Andy Whitfield had everything to live for. A rising star, he was playing a leading role in the hit television series “Spartacus: Blood and Sand,” and building a healthy resume of both TV and film credits. He was raising two young children with the love of his life, his wife Vashti.
In March 2010, he received the worst kind of news: he had non-Hodgkin lymphoma. However, given his age and fitness, they had every expectation that he would recover. He began chemotherapy immediately and was declared cancer free in six weeks. Unfortunately, the disease returned only a few months later.
Whitfield was forced to abandon his television role, and a year later, he died at the age of 39.
Early on in his journey, Whitfield and his wife made the decision to allow Oscar-nominated filmmaker Lilibet Foster to document his experience of healing. They were confident he would prevail in his fight and hoped that sharing his story would inspire others who have challenges and dreams.
The Leukemia & Lymphoma Society collaborated on the eventual release of the documentary, “Be Here Now (The Andy Whitfield Story),” to spread awareness about the urgent need to find cures and ensure access to treatments for blood cancer patients.
The film is now playing in limited release with LLS chapters hosting a number of public screenings as a way to raise funds and generate awareness for the LLS mission. LLS hopes that Whitfield’s story will also serve as a public testament as to why we support research.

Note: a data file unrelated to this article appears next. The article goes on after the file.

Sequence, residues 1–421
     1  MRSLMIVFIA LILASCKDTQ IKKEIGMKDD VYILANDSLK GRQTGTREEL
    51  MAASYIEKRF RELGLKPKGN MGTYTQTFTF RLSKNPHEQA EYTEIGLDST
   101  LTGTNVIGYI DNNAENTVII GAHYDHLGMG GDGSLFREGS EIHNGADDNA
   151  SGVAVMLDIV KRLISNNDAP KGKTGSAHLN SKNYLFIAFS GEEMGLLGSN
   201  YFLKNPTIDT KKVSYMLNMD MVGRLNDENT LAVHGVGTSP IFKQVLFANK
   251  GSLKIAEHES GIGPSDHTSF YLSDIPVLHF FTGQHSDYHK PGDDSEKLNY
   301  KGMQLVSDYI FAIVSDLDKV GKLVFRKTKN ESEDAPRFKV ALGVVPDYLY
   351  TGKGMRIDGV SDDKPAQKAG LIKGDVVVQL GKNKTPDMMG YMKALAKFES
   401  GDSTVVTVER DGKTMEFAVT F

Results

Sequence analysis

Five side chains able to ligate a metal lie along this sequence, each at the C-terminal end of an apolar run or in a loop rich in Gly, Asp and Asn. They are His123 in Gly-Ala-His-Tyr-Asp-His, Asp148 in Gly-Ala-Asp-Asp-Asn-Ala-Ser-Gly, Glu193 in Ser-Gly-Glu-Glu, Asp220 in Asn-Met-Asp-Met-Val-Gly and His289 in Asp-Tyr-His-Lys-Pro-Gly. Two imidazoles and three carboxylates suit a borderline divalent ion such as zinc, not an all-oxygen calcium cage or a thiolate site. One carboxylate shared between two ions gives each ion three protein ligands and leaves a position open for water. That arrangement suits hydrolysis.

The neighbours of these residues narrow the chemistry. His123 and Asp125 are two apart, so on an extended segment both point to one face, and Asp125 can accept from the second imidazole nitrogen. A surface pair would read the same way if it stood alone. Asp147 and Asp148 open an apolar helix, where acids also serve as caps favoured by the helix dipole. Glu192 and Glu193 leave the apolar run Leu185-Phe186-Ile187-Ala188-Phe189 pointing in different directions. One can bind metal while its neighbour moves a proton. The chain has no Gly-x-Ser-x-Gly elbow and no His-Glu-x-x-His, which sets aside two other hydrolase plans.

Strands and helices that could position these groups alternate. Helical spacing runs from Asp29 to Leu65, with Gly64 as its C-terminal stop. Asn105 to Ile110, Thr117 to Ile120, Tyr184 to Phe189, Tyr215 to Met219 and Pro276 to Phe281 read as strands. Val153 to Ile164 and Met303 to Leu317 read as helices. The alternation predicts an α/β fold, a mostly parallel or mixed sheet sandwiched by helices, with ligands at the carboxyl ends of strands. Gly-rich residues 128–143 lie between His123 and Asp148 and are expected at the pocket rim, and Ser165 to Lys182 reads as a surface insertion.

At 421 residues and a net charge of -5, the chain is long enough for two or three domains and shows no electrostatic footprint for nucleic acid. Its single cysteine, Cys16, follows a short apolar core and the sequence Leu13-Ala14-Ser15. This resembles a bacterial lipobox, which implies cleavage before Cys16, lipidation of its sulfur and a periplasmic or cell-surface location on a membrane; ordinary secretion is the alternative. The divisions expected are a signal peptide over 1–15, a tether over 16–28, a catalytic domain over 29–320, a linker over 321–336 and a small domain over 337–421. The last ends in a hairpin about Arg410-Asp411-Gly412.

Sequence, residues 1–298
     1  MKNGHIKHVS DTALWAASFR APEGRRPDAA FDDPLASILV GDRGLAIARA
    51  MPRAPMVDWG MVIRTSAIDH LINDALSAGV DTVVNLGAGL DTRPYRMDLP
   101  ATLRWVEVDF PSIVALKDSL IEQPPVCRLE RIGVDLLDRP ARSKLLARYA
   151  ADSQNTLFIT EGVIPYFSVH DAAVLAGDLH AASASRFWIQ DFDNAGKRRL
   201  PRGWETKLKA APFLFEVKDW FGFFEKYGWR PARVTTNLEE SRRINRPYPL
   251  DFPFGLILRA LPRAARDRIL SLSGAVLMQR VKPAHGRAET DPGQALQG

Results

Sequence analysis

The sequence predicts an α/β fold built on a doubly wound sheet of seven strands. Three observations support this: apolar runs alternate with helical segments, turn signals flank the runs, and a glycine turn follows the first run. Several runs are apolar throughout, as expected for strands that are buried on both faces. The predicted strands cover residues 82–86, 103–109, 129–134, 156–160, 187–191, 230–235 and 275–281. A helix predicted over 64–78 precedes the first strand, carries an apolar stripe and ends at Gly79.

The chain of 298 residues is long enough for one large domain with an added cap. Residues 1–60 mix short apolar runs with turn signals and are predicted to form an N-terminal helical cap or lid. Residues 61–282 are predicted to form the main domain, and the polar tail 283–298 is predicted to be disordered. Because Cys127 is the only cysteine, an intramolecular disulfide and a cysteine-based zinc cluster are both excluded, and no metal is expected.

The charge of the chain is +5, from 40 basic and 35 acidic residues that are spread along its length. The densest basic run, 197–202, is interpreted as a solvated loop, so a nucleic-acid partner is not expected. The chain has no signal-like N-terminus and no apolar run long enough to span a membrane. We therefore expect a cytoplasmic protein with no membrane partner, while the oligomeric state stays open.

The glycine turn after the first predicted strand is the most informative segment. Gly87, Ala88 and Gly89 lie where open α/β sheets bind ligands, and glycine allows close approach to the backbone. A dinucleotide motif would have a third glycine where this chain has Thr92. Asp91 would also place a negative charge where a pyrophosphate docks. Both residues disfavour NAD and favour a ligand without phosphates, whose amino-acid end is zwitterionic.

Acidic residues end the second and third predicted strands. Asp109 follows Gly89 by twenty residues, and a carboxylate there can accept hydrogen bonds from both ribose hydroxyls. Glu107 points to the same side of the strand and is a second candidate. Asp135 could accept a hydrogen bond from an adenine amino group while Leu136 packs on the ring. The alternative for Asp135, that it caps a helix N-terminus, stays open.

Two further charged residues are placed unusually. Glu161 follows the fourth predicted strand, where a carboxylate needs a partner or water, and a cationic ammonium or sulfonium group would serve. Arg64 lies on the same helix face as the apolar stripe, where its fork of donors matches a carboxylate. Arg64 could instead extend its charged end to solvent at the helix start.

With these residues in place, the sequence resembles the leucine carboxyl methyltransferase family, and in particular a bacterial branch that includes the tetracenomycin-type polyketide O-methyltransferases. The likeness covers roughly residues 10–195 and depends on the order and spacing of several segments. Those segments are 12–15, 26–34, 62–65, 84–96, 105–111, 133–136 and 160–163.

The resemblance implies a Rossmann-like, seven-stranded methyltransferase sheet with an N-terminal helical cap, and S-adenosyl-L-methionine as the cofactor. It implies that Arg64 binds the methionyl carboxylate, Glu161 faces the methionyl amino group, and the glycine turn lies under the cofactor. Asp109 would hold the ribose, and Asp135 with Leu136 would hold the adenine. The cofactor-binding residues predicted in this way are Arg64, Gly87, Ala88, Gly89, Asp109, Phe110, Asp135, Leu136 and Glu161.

Thanks to research, survival rates for patients with many blood cancers have doubled, tripled and even quadrupled since the early 1960s. However, despite these advances, about one third of patients with a blood cancer (such as Whitfield) still do not survive, which is why funding is needed to bring better therapies to patients faster.
Thanks to Karl-Anthony Towns, The Leukemia & Lymphoma Society (LLS) will be getting a brand new Kia!
The NBA awarded the 2015-16 Kia NBA Rookie of the Year Award to Karl-Anthony Towns of the Minnesota Timberwolves on May 16 by handing him keys to a brand new Sorento CUV.
Towns received all 130 first-place votes from a panel of broadcasters and sportswriters in the U.S. and Canada. The seven-foot center set franchise rookie records in scoring, rebounding, blocked shots and field goal percentage this season, and his basketball talents are just as commendable as his generosity and compassion.
Town announced that he will be donating his brand new Kia to LLS’s Minnesota chapter in honor of Timberwolves executive and coach, Flip Saunders.
Saunders died in in October after a battle with Hodgkin lymphoma, and his two grandparents died from cancer as well. In honor of Saunders, Towns wore a pin with Saunders’ name on it during his acceptance of the award.
Any funds raised from resale or auction of the Kia will be directly used for supporting LLS’s mission.
The national “Moonshot” initiative is repeatedly making news headlines as the $1 billion effort designed to eliminate cancer has groundbreaking potential. Led by Vice President Joe Biden, the effort is focused on accelerating research and making more therapies available – and blood cancer patients have much to gain.
I recently joined an expert panel at the annual Milken Institute Global Conference, “Promise of the Cancer Moonshot,” to share The Leukemia & Lymphoma Society’s (LLS) perspective about what needs to be done to move this effort forward.
I was in good company.
Other speakers included Anna Barker, a professor and director of Arizona State University's Transformative Healthcare Networks; Michelle Bennett, director, Center for Research Strategy, National Cancer Institute; Robert Bradway, chairman and CEO, Amgen; and Isla Garraway, associate professor and director of research at the University of California, Los Angeles. The panel was moderated by Kathy Hudson, deputy director for science, outreach and policy, National Institutes of Health.